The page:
Distribution of prime numbers

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I don't know if anyone has said this (too tired to read the whole thread), but I think that they have thinned down the gap required find a prime. I.E. there is a prime in between n and 1.6n or something like that.


After reading the wikipedia article on Bertrand's Postulate, it appears that for a sufficiently large n, there is a prime between n and (1+a)n for smaller a.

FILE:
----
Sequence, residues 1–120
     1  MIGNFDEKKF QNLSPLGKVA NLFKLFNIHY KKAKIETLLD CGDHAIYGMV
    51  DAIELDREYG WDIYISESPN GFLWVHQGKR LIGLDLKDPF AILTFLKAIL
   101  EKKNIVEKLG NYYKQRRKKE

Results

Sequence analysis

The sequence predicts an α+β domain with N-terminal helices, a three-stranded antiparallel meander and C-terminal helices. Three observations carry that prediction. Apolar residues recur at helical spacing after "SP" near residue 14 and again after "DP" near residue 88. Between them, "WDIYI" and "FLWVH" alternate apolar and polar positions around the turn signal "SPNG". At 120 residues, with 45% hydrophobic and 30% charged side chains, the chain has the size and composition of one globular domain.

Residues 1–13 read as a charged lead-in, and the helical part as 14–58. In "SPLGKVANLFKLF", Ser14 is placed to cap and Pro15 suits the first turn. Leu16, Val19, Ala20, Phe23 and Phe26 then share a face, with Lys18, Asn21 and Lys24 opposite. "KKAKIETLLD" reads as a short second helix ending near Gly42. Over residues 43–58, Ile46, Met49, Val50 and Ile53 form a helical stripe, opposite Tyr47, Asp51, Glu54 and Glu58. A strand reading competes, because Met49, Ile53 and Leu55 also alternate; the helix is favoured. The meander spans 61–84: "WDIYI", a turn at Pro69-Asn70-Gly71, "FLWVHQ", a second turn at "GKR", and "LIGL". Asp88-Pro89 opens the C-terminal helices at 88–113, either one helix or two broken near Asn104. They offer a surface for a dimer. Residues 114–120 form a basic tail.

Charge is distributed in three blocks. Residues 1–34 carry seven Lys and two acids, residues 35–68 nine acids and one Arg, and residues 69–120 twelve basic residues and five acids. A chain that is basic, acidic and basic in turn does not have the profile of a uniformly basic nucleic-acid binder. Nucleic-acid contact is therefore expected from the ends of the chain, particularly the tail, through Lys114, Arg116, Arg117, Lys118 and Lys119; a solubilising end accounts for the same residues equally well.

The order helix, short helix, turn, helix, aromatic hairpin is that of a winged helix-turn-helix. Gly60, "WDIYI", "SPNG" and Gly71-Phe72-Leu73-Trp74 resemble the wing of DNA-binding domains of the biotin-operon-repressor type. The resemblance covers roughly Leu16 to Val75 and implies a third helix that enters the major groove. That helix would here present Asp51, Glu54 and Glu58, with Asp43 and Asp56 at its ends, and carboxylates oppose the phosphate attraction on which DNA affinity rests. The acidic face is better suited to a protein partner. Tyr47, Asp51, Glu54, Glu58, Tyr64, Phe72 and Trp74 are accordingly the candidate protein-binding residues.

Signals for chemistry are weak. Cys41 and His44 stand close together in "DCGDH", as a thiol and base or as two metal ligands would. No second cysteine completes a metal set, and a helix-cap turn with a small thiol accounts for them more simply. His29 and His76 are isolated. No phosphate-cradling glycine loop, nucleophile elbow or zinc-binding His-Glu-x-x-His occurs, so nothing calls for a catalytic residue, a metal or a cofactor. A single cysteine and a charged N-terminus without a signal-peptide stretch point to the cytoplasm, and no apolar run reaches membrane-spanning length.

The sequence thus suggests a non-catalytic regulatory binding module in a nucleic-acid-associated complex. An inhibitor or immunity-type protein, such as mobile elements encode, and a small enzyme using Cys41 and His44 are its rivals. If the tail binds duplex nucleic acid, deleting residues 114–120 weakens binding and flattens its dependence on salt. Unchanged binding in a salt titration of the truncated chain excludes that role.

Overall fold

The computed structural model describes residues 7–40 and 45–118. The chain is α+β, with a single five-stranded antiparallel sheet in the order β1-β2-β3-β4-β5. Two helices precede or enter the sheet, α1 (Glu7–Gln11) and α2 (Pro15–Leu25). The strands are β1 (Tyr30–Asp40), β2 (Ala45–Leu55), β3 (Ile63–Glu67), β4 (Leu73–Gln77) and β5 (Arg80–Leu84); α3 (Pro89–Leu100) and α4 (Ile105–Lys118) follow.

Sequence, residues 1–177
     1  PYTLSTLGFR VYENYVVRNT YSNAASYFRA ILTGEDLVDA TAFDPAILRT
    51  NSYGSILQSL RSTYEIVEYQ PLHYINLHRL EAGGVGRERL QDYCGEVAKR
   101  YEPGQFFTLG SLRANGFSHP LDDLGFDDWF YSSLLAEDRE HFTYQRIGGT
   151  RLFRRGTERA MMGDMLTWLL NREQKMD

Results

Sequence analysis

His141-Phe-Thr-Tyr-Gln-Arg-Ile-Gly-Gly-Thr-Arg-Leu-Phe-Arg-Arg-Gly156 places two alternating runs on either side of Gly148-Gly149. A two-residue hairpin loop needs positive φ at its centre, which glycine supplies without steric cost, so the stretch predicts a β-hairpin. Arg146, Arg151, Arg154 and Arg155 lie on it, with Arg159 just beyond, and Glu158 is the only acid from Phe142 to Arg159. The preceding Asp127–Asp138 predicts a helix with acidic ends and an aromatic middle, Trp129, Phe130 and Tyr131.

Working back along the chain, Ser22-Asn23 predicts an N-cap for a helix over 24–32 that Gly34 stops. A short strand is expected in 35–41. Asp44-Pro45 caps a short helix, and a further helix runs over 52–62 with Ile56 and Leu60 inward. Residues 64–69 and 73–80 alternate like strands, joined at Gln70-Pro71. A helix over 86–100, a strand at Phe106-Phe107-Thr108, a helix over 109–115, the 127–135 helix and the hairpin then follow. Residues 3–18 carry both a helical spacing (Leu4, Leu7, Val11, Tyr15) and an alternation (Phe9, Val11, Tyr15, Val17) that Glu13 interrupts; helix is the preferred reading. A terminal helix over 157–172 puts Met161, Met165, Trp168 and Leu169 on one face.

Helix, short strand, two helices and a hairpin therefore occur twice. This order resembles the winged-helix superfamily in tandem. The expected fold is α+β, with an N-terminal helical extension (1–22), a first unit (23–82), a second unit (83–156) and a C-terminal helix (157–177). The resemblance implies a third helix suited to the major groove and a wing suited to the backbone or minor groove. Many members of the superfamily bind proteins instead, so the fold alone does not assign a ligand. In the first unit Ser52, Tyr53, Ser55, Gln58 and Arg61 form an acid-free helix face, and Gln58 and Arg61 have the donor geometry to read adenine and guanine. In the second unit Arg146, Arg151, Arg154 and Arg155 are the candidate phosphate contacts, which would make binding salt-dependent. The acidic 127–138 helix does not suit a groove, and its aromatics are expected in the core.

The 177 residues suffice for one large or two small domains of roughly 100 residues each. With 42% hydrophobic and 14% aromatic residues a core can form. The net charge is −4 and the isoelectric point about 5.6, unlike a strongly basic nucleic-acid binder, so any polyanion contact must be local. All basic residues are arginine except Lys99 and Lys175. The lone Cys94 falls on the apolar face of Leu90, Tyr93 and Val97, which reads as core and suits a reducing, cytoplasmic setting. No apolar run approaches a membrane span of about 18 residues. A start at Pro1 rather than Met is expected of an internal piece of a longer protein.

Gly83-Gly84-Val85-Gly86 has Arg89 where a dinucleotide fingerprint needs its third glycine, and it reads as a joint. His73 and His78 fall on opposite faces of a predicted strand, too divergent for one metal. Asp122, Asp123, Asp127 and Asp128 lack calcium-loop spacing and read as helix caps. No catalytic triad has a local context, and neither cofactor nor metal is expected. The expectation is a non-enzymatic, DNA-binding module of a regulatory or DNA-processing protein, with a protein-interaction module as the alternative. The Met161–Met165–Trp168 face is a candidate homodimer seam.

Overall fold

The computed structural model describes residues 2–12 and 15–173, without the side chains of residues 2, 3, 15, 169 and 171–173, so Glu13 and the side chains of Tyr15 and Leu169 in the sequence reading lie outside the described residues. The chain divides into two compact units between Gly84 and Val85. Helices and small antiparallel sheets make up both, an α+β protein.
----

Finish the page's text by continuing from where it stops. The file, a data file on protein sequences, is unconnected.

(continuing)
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From what I have heard in various talks and read on Wikipedia, estimating the error term (how far off is the number ln(N) from the actual number of primes below N) is heavily related to the Riemann Hypothesis (the most famous non-solved mathematical problem in modern mathematics).

They are exactly related. If the Riemann hypothesis is true then the difference between Li(x) and the actual number of primes less than x, called pi(x), will never be more than √x * ln x. On the flip side, if the difference between Li(x) and pi(x) was proven to never exceed √x * ln x, it would imply the Riemann hypothesis.
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